Machiavelli has a way of prompting his commentators to assert their moral concerns. They do not want to be tarred with the villain’s brush. The British historian Alexander Lee closes his biography on a resolutely pious note: on his deathbed Machiavelli

Read the rest of this article at: The New York Review

News 10.14.20 : Today’s Articles of Interest from Around the Internets

News 10.14.20 : Today’s Articles of Interest from Around the Internets

Last May, Minneapolis City Council members found their leather seats on the raised dais and looked out at the chamber. Instead of an expanse of empty chairs, they saw a sea of faces: about 80 of them in all, young and old, Black, Latino, Asian, white. Council meetings are public, but the public didn’t usually show up, so council members debated among themselves about whether they should suspend the rules and allow time for the group — it was evident that the chamber was filled with a single, unified group — to have their say. The members deliberated for 20 minutes before deciding that the people could have 10.

Vanessa del Campo Chacón rose to speak. An immigrant from Veracruz, Mexico, who ran an in-home day care from her small apartment, Chacón spoke in Spanish, and a bearded young man knelt by her side and translated. This was Roberto de la Riva, co-director of Inquilinxs Unidxs por Justicia (United Renters for Justice), a tenants’ rights organization that also goes by the abbreviation IX. “I’m hours or days from being evicted, and I don’t think the city has deemed this pertinent enough to be involved and to take responsibility,” Chacón said. “We want dignified homes,” she continued. “I’m asking for my daughter and for all the families that are here.” As she spoke, two other tenants approached the dais and, standing behind the council members, unfurled a huge yellow banner that read, “Don’t Evict Vanessa.”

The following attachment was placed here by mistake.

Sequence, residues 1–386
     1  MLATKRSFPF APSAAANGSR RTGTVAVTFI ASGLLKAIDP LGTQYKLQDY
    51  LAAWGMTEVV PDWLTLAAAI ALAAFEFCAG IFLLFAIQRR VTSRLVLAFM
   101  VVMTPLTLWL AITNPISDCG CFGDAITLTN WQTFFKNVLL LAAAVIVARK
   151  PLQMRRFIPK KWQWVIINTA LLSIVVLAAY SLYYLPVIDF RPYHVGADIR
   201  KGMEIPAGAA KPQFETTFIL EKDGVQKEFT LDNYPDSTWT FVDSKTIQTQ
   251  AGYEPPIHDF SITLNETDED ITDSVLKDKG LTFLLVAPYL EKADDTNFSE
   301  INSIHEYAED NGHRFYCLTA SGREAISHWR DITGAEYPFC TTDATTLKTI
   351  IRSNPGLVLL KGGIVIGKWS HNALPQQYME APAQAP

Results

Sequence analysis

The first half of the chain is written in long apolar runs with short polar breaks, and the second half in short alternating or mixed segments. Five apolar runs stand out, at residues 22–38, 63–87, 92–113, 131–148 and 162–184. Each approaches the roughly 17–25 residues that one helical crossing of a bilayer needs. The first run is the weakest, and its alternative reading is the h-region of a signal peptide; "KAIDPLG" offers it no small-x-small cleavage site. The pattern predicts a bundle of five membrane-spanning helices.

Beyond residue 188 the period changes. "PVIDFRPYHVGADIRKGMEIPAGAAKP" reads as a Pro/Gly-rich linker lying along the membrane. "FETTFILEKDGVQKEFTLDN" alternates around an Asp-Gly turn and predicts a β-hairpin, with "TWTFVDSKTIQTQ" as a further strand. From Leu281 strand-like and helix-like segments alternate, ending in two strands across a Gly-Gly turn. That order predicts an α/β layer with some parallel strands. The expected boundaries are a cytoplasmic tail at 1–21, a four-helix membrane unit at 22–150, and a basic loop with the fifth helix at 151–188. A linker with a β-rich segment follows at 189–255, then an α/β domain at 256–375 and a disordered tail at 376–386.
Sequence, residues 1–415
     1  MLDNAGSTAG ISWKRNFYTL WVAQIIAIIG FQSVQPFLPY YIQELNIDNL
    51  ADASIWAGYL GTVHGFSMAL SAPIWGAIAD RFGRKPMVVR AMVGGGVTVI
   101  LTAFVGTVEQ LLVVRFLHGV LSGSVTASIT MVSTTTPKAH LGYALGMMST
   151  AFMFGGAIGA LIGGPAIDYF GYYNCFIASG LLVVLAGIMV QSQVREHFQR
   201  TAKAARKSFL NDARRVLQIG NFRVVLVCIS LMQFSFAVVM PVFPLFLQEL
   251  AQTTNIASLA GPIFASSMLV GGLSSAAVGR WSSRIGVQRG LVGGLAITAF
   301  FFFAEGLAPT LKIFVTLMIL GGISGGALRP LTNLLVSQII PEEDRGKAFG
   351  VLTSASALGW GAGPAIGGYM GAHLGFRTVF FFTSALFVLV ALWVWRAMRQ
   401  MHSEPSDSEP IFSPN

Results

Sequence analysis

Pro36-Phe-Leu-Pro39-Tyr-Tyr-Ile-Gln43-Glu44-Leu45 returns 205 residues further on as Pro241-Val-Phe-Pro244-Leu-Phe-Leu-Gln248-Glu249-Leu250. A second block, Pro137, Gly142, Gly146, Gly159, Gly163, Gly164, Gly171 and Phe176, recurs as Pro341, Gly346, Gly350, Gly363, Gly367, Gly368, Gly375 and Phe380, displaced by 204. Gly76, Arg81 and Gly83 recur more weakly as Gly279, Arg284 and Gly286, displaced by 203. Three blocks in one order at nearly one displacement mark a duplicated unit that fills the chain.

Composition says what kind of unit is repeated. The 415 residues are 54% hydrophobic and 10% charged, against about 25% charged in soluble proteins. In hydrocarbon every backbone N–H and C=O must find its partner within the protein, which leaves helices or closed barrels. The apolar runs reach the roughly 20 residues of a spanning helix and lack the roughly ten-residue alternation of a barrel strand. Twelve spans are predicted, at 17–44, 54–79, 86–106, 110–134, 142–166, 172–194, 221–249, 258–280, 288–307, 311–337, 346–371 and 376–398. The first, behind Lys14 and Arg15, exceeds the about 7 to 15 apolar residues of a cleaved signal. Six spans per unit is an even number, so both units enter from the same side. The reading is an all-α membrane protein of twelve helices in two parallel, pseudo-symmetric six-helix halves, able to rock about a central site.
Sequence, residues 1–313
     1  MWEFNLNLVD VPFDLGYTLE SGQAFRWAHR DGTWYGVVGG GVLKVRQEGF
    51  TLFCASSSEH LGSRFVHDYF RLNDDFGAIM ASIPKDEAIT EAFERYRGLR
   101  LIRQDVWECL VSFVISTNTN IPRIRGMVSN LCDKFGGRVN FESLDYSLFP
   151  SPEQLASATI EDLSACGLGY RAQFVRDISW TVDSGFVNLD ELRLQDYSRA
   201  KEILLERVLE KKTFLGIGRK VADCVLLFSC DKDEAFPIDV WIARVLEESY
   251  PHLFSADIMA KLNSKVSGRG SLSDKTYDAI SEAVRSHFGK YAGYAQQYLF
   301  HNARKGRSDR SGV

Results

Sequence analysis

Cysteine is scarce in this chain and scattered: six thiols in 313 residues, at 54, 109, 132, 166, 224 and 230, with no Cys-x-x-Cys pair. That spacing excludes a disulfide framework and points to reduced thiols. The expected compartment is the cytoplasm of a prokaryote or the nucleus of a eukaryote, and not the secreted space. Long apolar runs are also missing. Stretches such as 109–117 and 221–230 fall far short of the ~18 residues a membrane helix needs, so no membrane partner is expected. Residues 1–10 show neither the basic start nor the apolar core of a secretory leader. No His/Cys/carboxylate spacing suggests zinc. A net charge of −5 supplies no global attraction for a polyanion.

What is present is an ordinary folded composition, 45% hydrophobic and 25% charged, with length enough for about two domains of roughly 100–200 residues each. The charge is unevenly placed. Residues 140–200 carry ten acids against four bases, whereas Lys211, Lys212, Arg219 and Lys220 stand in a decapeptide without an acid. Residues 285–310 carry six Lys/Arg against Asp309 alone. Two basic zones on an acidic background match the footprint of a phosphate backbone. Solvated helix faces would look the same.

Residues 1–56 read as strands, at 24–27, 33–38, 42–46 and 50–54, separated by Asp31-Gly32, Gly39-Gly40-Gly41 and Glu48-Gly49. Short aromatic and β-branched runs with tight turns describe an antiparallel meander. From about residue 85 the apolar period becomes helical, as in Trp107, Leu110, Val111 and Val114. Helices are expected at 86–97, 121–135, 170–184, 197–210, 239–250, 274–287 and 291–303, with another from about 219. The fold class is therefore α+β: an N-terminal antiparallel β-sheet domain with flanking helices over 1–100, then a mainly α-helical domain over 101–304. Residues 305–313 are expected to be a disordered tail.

“I’m sorry,” the council president, Lisa Bender, interjected. “We can’t allow people to come back behind the dais.” A white woman with brown curls, Bender had garnered national attention for her ideas about how to promote affordable housing in Minneapolis. She was sympathetic to the tenants, but she also had a meeting to run. Before Bender could finish, the room erupted in chants. A Black man in a beret stood up and boomed: “If we don’t get it?”

Read the rest of this article at: The New York Times

News 10.14.20 : Today’s Articles of Interest from Around the Internets

Dolly Parton is loved for many reasons—the songwriting, the singing, the industry smarts, the cheeky cracks, the homey manner, the beauty, the verve, the hits. She is also loved for being loved, and loved transcendentally. During a red-hot summer marked in part by toppled monuments to slavery and genocide, a petition arose, directed at Tennessee lawmakers, calling for Parton to be pedestalled instead. “Let’s replace the statues of men who sought to tear this country apart with a monument to the woman who has worked her entire life to bring us closer together,” the petition proposed, soon gaining some twenty-three thousand signatories.

The country-music establishment can be about as partisan as they come, a rope line of old-school apple-pie values and unquestioning patriotism. But Parton is a true diplomat. A word like “crossover” scarcely encompasses a singer admired by Vanna White (who says Parton is her role model because she “hasn’t been affected by show business”), Björk (who has called Parton’s twanged crystal timbre “immaculate”), and Nicki Minaj (who nods Parton’s way in a guest verse on Drake’s “Make Me Proud”). A Dolly Parton concert is like a local census, bringing together peoples across lines of race, gender, sexuality, and, miraculously, political affiliation.

Read the rest of this article at: The New Yorker

P.S. previous articles & more by P.F.M.

Follow us on Instagram @thisisglamorous

At The Shop | New Arrivals: The Positano Woven Basket Tote